Le Casematte Peloro Bianco 2018
This wine has a refined and persistent nose whose mineral and iodine notes perfectly blend with aromas of white and yellow-fleshed fruit and floral nuances, mainly mimosa and camomile, as well as fresh undertones of aromatic Mediterranean herbs. On the palate, it is fresh and tangy with vibrant acidity, rich fruit and a long, invigorating finale, which is heightened by lively citrus notes.
Blend: 65% Grillo, 35% Caricante
Critical AcclaimAll Vintages
The 2018 Peloro Bianco is a blend of Grillo and Caricante (this estate spells the grape with one "r") with linear and sharp edges. The Grillo grapes add snappy freshness and linearity, while the Caricante is more neutral and more impactful in terms of mouthfeel. This is a fresh and zesty wine to pair with fried avocado or that fatty tuna belly sushi roll, otoro. No oak was used. Some 10,000 bottles were made.
Opening the winery Le Casematte, which was founded in 2008, was the realization of a dream for accountant Gianfranco Sabbatino. Today that dream is shared with another person. Footballer Andrea Barzagli, a wine and winemaking enthusiast, has also “taken to the field.”
This small, bold company that runs on its own two feet with passion and determination fully reflects that philosophy of “getting things done” that characterizes its founders. Gianfranco Sabbatino is from Messina and wants to lay claim to his land, Sicily, and promote a healthy culture in the hopes that he can ambitiously add a new piece to the patchwork quilt of an active network of skilled businesses.
After all, the company has a strong local identity as it can be found on the northern hills of the city of Messina in Faro Superiore. It is not only a commercial endeavor but includes a longstanding history with the vines that have produced wine since ancient times. That history is being updated for modern times, bringing with it signs of previous centuries as it meets new the new needs of winemaking.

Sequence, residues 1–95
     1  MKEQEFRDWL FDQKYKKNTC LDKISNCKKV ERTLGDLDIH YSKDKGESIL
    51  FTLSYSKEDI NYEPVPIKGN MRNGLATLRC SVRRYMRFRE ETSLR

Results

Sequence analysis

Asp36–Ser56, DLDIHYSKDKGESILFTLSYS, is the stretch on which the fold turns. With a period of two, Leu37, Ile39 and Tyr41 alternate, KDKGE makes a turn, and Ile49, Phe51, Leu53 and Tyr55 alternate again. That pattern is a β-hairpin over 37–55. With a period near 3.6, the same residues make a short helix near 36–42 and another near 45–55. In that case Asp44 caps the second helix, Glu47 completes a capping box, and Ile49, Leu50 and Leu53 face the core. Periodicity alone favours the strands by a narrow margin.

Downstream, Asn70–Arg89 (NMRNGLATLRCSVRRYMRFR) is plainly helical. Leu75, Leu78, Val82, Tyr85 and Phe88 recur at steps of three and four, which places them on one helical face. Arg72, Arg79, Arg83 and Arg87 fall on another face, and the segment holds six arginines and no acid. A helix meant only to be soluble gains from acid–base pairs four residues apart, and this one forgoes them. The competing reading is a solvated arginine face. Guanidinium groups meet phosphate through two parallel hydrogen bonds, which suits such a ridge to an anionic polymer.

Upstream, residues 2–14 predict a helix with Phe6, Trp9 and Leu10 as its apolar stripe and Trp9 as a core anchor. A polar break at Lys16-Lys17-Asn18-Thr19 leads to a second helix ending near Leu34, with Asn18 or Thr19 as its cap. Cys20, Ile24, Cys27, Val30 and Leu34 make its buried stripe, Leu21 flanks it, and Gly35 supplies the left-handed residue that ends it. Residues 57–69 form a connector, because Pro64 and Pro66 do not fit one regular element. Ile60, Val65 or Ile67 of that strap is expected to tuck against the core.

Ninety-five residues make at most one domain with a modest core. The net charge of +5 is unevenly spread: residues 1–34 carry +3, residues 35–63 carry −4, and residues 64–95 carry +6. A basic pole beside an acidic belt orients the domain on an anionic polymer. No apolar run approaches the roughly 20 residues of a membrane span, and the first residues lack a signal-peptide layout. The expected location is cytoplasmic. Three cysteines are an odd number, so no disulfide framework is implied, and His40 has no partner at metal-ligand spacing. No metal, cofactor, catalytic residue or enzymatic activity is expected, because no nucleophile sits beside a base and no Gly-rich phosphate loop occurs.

Gianfranco and Andrea’s story is one of passion and of love for the fruit of the vines; a story of men, work and respect for nature.
A large, geographically and climatically diverse island, just off the toe of Italy, Sicily has long been recognized for its fortified Marsala wines. But it is also a wonderful source of diverse, high quality red and white wines. Steadily increasing in popularity over the past few decades, Italy’s fourth largest wine-producing region is finally receiving the accolades it deserves and shining in today's global market.
Though most think of the climate here as simply hot and dry, variations on this sun-drenched island range from cool Mediterranean along the coastlines to more extreme in its inland zones. Of particular note are the various microclimates of Europe's largest volcano, Mount Etna, where vineyards grow on drastically steep hillsides and varying aspects to the Ionian Sea. The more noteworthy red and white Sicilian wines that come from the volcanic soils of Mount Etna include Nerello Mascalese and Nerello Cappuccio (reds) and Carricante (whites). All share a racy streak of minerality and, at their best, bear resemblance to their respective red and white Burgundies.
Nero d’Avola is the most widely planted red variety, and is great either as single varietal bottling or in blends with other indigenous varieties or even with international ones. For example, Nero d'Avola is blended with the lighter and floral, Frappato grape, to create the elegant, Cerasuolo di Vittoria, one of the more traditional and respected Sicilian wines of the island.
Grillo and Inzolia, the grapes of Marsala, are also used to produce aromatic, crisp dry Sicilian white. Pantelleria, a subtropical island belonging to the province of Sicily, specializes in Moscato di Pantelleria, made from the variety locally known as Zibibbo.
With hundreds of white grape varieties to choose from, winemakers have the freedom to create a virtually endless assortment of blended white wines. In many European regions, strict laws are in place determining the set of varieties that may be used in white wine blends, but in the New World, experimentation is permitted and encouraged. Blending can be utilized to enhance balance or create complexity, lending different layers of flavors and aromas. For example, a variety that creates a soft and full-bodied white wine blend, like Chardonnay, would do well combined with one that is more fragrant and naturally high in acidity. Sometimes small amounts of a particular variety are added to boost color or aromatics. Blending can take place before or after fermentation, with the latter, more popular option giving more control to the winemaker over the final qualities of the wine.